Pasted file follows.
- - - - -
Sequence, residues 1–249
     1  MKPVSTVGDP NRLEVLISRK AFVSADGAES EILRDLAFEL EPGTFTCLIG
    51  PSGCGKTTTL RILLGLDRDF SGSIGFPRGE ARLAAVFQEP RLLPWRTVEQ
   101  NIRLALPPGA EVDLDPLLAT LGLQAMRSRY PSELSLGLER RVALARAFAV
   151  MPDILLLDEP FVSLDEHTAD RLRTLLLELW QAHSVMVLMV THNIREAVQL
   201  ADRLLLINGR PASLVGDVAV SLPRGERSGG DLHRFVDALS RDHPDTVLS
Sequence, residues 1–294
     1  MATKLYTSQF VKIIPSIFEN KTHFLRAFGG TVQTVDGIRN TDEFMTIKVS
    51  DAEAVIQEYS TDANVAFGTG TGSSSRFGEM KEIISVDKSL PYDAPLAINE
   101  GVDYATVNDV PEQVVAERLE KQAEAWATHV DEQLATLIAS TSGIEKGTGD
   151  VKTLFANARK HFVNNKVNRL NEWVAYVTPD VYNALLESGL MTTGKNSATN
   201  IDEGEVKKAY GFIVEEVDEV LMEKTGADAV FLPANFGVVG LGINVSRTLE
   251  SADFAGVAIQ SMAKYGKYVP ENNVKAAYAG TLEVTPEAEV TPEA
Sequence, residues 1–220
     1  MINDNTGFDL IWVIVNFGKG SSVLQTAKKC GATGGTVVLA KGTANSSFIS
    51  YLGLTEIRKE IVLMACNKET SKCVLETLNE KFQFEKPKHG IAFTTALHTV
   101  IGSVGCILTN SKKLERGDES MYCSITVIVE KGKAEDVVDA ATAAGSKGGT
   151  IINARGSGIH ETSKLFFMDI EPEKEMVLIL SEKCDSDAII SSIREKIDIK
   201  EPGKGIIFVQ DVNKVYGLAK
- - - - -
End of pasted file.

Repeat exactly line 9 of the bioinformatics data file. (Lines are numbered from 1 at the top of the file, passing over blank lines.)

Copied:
    51  DAEAVIQEYS TDANVAFGTG TGSSSRFGEM KEIISVDKSL PYDAPLAINE